Board of Control for Cricket in India (BCCI) CEO Rahul Johri has been included in the six-member working group, set up by the International Cricket Council (ICC), to consider the sanctioning of players' release for the franchise-based Twenty20 leagues across the world.
It has been learnt that Johri, along with with four other CEOs -- Cricket Australia's Kevin Roberts, Cricket South Africa's Thabang Moroe, West Indies' Johnny Graves, Federation of International Cricketers' Associations' (FICA) Tony Irish and Cricket Scotland chairman Tony Brian will decide on the policy on number of leagues T20 freelancers can play.
"The group, comprising Kevin Roberts, Rahul Johri, Thabang Moroe, Johnny Grave, Tony Brian and Tony Irish has been supported by ICC management and external lawyers. I don't think ICC ever wanted to have a say in IPL matters contrary to what is being perceived in some quarters. Or else why would Johri be a part of such an exercise," an ICC board member told PTI on condition of anonymity.
The member further said that Johri's name was finalised eight months ago and ICC senior officials Aarti Dabas and Iain Higgins' names, as reported by a section of media, were never discussed.
"I have attended earlier meetings also and Rahul's name was there for past eight months. He knew what was the plan and I don't think he ever had any objection. Had there been interference in IPL, he wouldn't have agreed in first place," the member, who is also a senior official of one of the cricket boards, added.
ICC Chief Executive David Richardson, in a press statement, insisted that the idea of the group is to address the issues of players' burn-out rather than interfere in the workings of any private league, including IPL.
"The primary purpose of the group was to address Members’ concerns regarding the proliferation of domestic T20 and other short-form leagues around the world. These have created challenges to and conflicts with the international playing calendar and often rely on a disproportionate number of international players from foreign countries," Richardson said.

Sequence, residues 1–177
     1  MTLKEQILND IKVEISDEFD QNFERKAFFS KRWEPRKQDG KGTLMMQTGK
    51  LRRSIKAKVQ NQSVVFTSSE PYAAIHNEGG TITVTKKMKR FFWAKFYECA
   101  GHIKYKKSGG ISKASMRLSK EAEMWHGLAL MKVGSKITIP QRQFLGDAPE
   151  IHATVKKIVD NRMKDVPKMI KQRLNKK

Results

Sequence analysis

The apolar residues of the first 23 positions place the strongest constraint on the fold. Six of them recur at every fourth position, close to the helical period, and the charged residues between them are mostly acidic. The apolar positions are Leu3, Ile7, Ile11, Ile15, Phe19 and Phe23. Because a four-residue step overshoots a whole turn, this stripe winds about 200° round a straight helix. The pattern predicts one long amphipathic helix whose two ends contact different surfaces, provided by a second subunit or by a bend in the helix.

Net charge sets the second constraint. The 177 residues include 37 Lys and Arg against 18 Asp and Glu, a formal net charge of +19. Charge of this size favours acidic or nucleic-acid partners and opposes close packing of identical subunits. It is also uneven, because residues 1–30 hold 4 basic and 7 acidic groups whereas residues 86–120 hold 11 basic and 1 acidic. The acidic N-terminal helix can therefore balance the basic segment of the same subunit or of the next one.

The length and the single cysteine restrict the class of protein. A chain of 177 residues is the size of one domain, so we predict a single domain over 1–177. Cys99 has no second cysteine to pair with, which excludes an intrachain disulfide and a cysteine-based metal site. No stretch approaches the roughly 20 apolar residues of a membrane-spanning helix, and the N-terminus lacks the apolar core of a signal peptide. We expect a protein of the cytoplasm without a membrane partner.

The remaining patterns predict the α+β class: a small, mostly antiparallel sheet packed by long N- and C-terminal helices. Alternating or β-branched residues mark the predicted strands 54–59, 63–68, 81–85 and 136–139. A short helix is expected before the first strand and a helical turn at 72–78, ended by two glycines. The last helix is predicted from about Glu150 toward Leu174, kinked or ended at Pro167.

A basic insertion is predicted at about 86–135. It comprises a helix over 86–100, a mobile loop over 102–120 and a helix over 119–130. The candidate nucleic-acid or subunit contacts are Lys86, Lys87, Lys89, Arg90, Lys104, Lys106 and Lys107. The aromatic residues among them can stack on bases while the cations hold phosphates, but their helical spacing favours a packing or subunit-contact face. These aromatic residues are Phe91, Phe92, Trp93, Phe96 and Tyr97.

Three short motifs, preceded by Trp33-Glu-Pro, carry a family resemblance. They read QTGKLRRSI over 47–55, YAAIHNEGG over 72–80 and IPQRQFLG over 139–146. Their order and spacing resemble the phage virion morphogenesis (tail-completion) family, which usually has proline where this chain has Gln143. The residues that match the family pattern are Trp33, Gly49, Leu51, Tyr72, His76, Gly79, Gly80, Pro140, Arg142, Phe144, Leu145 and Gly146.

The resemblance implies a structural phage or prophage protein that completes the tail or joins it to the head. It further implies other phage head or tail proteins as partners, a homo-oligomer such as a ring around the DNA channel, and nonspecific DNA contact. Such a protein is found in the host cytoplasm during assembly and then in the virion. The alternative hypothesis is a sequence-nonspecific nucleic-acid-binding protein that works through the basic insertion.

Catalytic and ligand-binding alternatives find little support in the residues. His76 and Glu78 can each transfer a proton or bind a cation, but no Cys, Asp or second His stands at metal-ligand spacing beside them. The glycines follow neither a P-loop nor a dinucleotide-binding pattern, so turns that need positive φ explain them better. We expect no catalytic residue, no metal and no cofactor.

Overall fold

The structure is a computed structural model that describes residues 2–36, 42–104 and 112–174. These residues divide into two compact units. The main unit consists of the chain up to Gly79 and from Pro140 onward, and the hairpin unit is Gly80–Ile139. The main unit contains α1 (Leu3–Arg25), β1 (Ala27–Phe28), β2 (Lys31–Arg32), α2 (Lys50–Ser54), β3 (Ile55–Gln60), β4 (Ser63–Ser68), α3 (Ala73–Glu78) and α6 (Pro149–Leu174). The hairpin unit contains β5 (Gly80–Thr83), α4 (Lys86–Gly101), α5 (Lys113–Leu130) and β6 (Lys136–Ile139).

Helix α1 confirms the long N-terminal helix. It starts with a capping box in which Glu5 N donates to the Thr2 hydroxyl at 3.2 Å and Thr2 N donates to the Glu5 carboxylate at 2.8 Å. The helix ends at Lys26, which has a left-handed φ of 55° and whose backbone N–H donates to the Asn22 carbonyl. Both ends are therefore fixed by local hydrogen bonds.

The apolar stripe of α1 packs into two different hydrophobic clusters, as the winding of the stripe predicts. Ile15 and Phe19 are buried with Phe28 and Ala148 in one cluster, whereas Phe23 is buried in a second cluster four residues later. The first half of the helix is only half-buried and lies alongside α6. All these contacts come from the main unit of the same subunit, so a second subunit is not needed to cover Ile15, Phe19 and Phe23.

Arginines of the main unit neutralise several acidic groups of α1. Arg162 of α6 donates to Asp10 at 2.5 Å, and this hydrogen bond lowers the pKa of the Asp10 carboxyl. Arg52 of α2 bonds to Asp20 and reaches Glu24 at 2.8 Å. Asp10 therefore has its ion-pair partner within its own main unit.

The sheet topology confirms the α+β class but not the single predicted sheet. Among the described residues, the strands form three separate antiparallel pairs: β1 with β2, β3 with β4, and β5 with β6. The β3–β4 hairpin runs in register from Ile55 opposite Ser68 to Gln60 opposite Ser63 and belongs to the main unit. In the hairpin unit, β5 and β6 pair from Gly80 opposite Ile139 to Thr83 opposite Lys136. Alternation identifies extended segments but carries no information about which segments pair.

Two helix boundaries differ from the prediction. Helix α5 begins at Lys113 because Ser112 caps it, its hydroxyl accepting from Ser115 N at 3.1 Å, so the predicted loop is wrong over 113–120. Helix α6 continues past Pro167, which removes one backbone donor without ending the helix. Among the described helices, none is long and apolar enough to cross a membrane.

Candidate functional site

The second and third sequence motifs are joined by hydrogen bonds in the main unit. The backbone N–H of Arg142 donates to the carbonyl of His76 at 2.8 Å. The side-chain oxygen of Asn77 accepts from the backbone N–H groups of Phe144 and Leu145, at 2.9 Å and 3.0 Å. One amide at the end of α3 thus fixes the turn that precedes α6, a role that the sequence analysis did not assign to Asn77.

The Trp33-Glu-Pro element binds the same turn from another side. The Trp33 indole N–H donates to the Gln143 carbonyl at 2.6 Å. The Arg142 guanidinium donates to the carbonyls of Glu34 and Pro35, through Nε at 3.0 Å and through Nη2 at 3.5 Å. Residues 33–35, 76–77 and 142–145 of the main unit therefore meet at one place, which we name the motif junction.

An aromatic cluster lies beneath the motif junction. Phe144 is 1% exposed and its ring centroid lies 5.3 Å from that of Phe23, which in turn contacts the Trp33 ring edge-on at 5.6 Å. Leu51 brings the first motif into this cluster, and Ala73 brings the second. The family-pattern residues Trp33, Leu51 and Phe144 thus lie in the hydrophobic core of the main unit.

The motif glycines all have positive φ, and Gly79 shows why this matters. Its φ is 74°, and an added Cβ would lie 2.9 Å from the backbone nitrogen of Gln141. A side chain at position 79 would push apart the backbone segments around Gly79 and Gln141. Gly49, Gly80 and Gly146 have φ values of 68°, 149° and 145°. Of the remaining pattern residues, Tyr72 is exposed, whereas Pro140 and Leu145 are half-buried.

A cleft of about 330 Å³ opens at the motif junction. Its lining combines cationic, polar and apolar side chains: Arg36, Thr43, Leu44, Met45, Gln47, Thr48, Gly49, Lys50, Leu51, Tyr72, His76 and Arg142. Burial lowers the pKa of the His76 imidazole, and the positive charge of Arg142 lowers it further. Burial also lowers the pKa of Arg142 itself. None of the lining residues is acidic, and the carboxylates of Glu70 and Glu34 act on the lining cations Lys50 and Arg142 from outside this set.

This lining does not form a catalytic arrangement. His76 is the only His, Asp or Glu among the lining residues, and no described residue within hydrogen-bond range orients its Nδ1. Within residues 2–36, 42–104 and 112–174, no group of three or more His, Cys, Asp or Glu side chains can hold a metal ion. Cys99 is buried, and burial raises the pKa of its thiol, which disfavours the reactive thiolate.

ICC in a recent survey found out that 95 percent of its professional players play only one T20 league and therefore it's about the remaining five percent, who ply their trade across leagues. It comprises mainly of the West Indies players, who have picked T20 leagues over playing for the Caribbean team.
There is a possibility that there could be a cap of two to three leagues per player but it has not been finalised yet.
"A set of draft regulations have been developed over the past few months, which are designed to introduce minimum standards for short-form domestic leagues to safeguard cricket's reputation and protect the long term health of the Members," Richardson said.
Richardson on his part tried to clarify that rather than interfering in IPL, the ICC would ideally like to see the other leagues lift themselves up to the standard of the richest league.
"We are fortunate to have some outstanding T20 leagues, including the IPL, which set the gold standard for operations globally and this Working Group has taken into account those standards when developing the draft set of regulations.
"Our primary objective is to ensure other leagues around the world put in place the same minimum criteria and operate within a consistent framework," Richardson said.